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Mary OnuohaChristian Legal Centre/YouTube screenshot

LONDON (LifeSiteNews) – A Catholic nurse in the U.K. fired from her job for wearing a cross was a victim of “direct discrimination” and dismissed unfairly, a tribunal ruled.

Mary Onuoha had worked as a theatre practitioner at Croydon University Hospital for 18 years but was forced out of her job in August 2020 after what has been described as a two-year “campaign of harassment” against her due to her refusal to remove her cross necklace.

Onuoha, born in Nigeria, is a devout Catholic and wore her cross daily without problems throughout her nearly 19 years working at the NHS hospital in Croydon. 

The Christian Legal Centre, who supported Onuoha in court, reported that she faced increasing harassment “from a succession of line managers” starting in 2015 over her refusal to remove her cross.

Onuoha defended wearing it, stating that it was a symbol of her faith. 


However, by August 2018 hospital management ordered Onuoha to remove her cross, alleging it was in violation of the hospital’s “Dress Code and Uniform Policy” and therefore a health risk to her and to patients.

NHS managers, who had faced criticism based on a 2017 inspection over failure to enforce the dress code, subsequently told Onuoha to either remove the cross or conceal it beneath her uniform.

The Employment Tribunal’s ruling detailed how Onuoha was even approached by her managers while attending to a patient under a general anaesthetic in the operating theatre. Onuoha’s manager “literally interrupted surgery” to confront Onuoha about the cross.

Despite the hospital’s claimed concern about “infection” risk, the Tribunal noted that Onuoha’s cross was “not visible when she was working as scrubbed in nurse.” [sic] 

Onuoha spent around “70%” of her time working in theatre, where her cross would have been covered by the uniform and additional personal protective equipment.

Image of Onuoha’s cross when visible with her uniform. Credit: Christian Legal Centre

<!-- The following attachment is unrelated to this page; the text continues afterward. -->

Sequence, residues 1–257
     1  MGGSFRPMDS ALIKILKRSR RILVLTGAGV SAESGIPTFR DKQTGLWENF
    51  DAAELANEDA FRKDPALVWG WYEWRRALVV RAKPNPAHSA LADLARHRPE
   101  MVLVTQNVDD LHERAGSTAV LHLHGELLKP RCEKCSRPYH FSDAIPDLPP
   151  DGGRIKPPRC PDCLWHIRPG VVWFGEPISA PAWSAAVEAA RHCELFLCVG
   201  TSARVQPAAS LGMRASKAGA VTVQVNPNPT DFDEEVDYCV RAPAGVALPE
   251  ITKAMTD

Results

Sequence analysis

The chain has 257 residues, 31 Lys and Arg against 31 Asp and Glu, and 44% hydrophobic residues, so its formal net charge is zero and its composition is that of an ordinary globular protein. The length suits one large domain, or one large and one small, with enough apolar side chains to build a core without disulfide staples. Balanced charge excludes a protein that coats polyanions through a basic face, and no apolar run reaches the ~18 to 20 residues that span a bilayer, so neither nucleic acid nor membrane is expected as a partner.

Upon her continued refusal to remove her cross, Onuoha was reassigned to non-clinical duties. 

In the face of the continued “harassment,” Onuoha was forced off work with stress in June 2020 and resigned two months later.

Tribunal rebukes NHS trust

However, the Tribunal ruled Onuoha had been “constructively dismissed and the dismissal was unfair.”

Croydon Hospital was “an offensive, hostile and intimidating environment,” the Tribunal added, and had applied its dress code “in an arbitrary way and in a way that was not proportionate.”

Furthermore, there was “no cogent explanation” why “plain rings … neckties … kalava bracelets … hijabs and turbans” were allowed, but a cross was not.

“Given the inconsistency of treatment between employees wearing other items of religious and non-religious apparel that had no work-based function but had a comparable risk profile,” the Tribunal stated that the hospital’s alleged concern about infection “simply did not justify” Onuoha’s treatment.

Onuoha’s lawyers also questioned why the hospital’s lanyards were deemed safe to wear while at work, but her much smaller cross was not.

Onuoha alluded to such double standards in light of the ruling. “This has always been an attack on my faith,” she said. 

“My cross has been with me for 40 years. It is part of me, and my faith, and it has never caused anyone any harm. At this hospital, there are members of staff who go to a mosque four times a day and no one says anything to them. Hindus wear red bracelets on their wrists and female Muslims wear hijabs in theatre.”

The Tribunal noted how preventing Christians from wearing a cross was in some areas “a feature of wider persecution campaigns,” and that Catholics were “urged … to wear the symbol of the cross on their clothing every day.”

Following the ruling, Croydon Health Services NHS Trust issued a statement apologizing to Onuoha, saying “it is important that NHS staff feel able to express their beliefs, and that our policies are applied in a consistent, compassionate and inclusive way.”

The NHS trust claimed that its dress code had been updated in 2019 to be “inclusive and sensitive to all religious and cultural needs,” promising a “further review” of the policy in light of the judgment.

Meanwhile, the Christian Legal Centre’s Andrea Williams described the case as being a “high-handed attack from the NHS bureaucracy on the right of a devoted and industrious nurse to wear a cross – the worldwide, recognised and cherished symbol of the Christian faith.” 

“It was astonishing that an experienced nurse, during a pandemic, was forced to choose between her faith and the profession she loves,” Williams added.

Caroline Farrow, Catholic journalist and a regular on U.K. television programs dealing with Catholic issues, told GB News that there was a mixture of “anti-Christianity” and “idiocy” within the workplace, condemning what she described as “antipathy to Christianity.”